Consider Telling Your Customers to Shop Around for a Mortgage
By Adam Korengold | May 17, 2016
It’s commonplace for consumers to comparison shop for cars and hotel rooms. But when facing the largest purchase they will ever likely make – buying a home – roughly one-third of shoppers get a single mortgage quote, according to recent research by the Economic & Strategic Research (ESR) Group at Fannie Mae.
Fannie Mae analysts Qiang Cai and Sarah Shahdad analyzed data from 1,199 home buyers polled between January and March of 2014 for the company’s monthly National Housing Survey/Home Purchase Sentiment Index. They found that 34 percent of first-time homebuyers and 36 percent of repeat homebuyers obtained only one quote.
Of the two-thirds who did shop around, both first-time and repeat buyers got about three quotes each.
They also found that borrowers aged 50 and older were 16 percent less likely to obtain additional quotes than borrowers younger than 30. Further, members of minority groups – including African Americans, Latinos, and Asian-Americans – were 19 percent more likely to shop around than non-minorities.
Fifty-five percent of first-time buyers reporting they had only obtained one mortgage quote said they had done so because they were satisfied with the first quote they received. That’s compared to 46 percent of repeat buyers who said they only received one quote.
Why Shop Around?
Shopping for the right loan can help homebuyers get a mortgage with better financial terms. Otherwise, borrowers may be leaving money on the table.
Regardless of age, income, or experience, all borrowers will benefit from getting the best possible deal. This will help them sustain their mortgage – even if their income changes.
Who Influences Their Decisions?
According to the ESR research, first-time buyers are 31 percent more likely than repeat borrowers to have friends and family influence their home-buying decisions. While borrowers earning more than $100,000 annually are 37 percent less likely to be influenced by friends and family than borrowers earning less than $50,000.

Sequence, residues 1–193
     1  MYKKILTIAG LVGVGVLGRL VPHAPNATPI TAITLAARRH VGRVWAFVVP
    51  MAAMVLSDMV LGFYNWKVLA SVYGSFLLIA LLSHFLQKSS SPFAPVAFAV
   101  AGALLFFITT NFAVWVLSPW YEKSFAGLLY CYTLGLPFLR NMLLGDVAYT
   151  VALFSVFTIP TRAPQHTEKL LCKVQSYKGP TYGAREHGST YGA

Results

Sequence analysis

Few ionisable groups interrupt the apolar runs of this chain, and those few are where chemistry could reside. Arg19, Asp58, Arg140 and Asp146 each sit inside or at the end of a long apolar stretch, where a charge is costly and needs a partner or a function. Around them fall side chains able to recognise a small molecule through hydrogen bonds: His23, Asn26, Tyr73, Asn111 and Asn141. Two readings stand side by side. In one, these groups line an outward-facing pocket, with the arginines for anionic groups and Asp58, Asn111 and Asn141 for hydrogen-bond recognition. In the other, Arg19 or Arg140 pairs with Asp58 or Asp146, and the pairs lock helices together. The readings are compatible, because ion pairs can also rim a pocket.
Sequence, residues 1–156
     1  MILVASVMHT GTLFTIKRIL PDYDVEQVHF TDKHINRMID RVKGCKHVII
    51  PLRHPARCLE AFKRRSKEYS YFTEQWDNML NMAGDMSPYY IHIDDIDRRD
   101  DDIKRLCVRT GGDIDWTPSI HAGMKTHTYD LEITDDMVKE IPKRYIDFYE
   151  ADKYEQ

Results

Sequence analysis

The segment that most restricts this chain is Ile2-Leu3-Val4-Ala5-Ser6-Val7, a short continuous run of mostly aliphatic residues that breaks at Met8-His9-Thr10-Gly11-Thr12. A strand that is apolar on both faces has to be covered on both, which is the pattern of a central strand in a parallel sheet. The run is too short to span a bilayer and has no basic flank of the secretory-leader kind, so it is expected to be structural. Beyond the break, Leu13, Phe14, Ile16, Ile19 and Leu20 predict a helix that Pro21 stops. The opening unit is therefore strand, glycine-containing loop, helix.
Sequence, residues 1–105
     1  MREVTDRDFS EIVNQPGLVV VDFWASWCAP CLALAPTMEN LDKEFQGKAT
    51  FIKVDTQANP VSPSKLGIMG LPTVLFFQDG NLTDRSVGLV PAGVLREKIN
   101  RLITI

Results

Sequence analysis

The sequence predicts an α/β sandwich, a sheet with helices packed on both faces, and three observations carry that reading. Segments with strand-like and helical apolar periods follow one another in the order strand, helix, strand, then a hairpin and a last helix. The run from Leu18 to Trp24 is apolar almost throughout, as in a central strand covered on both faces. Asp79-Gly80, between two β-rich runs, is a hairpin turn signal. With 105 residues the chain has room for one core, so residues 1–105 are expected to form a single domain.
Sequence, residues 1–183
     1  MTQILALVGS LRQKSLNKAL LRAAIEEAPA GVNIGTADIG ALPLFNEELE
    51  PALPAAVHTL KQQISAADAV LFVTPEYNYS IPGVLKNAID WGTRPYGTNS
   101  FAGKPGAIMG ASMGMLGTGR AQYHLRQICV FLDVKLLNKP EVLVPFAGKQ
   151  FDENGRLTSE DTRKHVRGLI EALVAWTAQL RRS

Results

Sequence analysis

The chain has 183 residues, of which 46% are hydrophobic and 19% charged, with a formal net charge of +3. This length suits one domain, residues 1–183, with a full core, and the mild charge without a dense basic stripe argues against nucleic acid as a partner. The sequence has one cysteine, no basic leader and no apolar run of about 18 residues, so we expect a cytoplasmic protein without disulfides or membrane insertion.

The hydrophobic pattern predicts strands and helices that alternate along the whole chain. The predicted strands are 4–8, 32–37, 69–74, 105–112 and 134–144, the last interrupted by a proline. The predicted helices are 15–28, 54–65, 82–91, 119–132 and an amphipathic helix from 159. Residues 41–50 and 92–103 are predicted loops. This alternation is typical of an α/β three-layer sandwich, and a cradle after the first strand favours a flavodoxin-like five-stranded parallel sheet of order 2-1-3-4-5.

A more recent study by the Consumer Financial Protection Bureau sheds more light on what motivates mortgage shopping. According to this research, 70 percent of borrowers picked their lender before deciding what kind of loan they wanted. These borrowers may have been looking for a specific lender – perhaps one in their community, or one that friends or family had worked with before.
What It Means for Lenders
Does encouraging consumers to mortgage shop hurt lenders?
Actually, no, say the researchers. It’s always a good idea to encourage homebuyers to seek multiple sources of information, determine what is important to them in a loan (like interest rate and loan amount), and ask detailed questions that may help them find a product that best meets their needs.
Shahdad notes that there are several “key components to consider when comparing multiple mortgage quotes – like the lender fees and points, as well as the mortgage interest rate and any mortgage insurance costs. Homebuyers may find it easier to compare offers if they first determine the type of mortgage product that’s best suited to their situation.”
She adds that lenders can work with homebuyers to make comparisons between loans easier. “There are a number of online tools and calculators that can help buyers compare costs associated with different mortgage quotes. Homebuyers can also ask for quotes from different lenders that hold either the rate or the lender fees and points constant across quotes, simplifying the overall comparison.”
By encouraging homebuyers to shop for a mortgage, it may seem that lenders are putting themselves at risk that borrowers will go with another lender. But by educating borrowers about rates, fees, points, and other loan attributes – and helping them make better decisions – a lender is building a relationship with a client that could potentially yield other mortgage business in the future.
After all, as Sy Syms used to say about shopping for clothing, “an educated consumer is the best customer.”
Adam Korengold is a research analyst with Fannie Mae’s marketing research and analytics team.